Saturday, November 27

New isolation rules that cut food support to families

Covid-19’s new isolation rules are preventing struggling families from picking up food donations, social services say.

Food packages at BBM HQ in Manukau.

File photo.
Photo: RNZ / Simon Rogers

A new Section 70 notice was introduced last week under the Covid-19 Public Health Response Act.

Now, visitors to locations of interest not only have to isolate themselves awaiting a negative test on day five, but so does their entire home.

This means that visiting food banks is off the table.

South Seas Healthcare CEO Silao Vaisola-Sefo told RNZ that in homes where no one was allowed out, hungry people faced difficult decisions.

“If they isolate themselves at home for any period, there is really no one to give them food. So they have to go out to get that support … So we are looking for ways to safely support them so they don’t have We have to leave their homes, but, as you can imagine, we are very pressured. “

Vaisola-Sefo said the need was most intense in this shutdown as families were recovering from job losses, financial burdens and school disruptions from last year when the outbreak occurred.

VisionWest Community Trust CEO Lisa Woolley has seen households in a similar dilemma in West Auckland.

They cannot go to the trust food supply service even when the closets are empty.

“We have schools around us and only general areas [of interest] around Glen Eden, “he said.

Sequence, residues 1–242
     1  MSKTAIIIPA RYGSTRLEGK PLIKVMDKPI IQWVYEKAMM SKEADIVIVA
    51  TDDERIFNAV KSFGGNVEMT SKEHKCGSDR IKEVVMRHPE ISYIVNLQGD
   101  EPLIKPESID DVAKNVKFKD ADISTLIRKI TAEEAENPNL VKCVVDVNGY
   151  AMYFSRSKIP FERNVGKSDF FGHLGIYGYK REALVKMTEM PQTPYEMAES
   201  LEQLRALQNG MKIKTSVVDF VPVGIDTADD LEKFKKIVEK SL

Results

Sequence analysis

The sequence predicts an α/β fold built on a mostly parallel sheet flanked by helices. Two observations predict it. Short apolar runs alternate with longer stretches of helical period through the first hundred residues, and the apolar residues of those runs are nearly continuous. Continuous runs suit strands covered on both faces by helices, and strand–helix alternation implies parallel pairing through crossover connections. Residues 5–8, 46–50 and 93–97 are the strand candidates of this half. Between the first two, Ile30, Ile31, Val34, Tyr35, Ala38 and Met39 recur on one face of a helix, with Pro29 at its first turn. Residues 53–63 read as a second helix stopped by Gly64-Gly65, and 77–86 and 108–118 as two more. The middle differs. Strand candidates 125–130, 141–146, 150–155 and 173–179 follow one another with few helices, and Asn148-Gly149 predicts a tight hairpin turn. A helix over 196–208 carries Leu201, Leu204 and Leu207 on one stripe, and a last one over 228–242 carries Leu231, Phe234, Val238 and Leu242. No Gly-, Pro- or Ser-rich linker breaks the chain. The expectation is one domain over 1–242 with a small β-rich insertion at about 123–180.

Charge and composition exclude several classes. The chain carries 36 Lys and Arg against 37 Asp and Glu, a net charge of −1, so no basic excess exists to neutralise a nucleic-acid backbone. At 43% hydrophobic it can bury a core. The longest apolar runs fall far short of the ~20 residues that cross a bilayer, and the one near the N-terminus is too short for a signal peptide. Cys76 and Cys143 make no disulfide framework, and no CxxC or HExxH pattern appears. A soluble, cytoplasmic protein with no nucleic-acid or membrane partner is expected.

“So we are seeing significant numbers of people now in self-isolation and then trying to access food. That is having a huge impact on people.”

Auckland City Missionary Helen Robinson said that in some cases neighbors or family at large were helping people obtain food from mission distribution sites or supermarkets.

But there are over 300 locations of interest in Auckland, Coromandel and Wellington, and counting.

Robinson was well aware of the growing number of connected families and roommates.

“There are several of our staff who have been to locations of interest or have been in a household with people in locations of interest. So every day, when you add another large number of locations, we just take a deep breath and just look. how that will affect us. “

Some support services are managing to safely deliver needs to Alert Level 4 properties.

Ngāti Tamaoho Trust President Tori Ngātaki (Ngāti Tamaoho, Ngāti Āmaru, Ngāti Maniapoto, Tūhoe) said that families were completing online surveys listing what they needed, and that the trust was bringing it to them.

But, unlike the last blockade, there are no socially estranged conversations during the stops.

“We leave the boxes at their doorstep, we leave and then we wait until we are in the vehicles and then our kaumātua pick up their kai boxes,” he said.

Tori Ngātaki said that the Tāmaki-based iwi trusts were coming together to support all the whānau in the city with kai, regardless of whether their marae were in or out of the city.

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